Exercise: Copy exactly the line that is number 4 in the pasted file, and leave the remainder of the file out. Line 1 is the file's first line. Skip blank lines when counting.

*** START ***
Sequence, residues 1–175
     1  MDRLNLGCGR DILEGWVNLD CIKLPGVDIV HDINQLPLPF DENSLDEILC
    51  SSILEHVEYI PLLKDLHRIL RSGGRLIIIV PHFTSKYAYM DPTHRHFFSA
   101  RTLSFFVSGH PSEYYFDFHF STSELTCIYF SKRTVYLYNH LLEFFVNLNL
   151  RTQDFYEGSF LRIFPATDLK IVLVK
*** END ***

   101  RTLSFFVSGH PSEYYFDFHF STSELTCIYF SKRTVYLYNH LLEFFVNLNL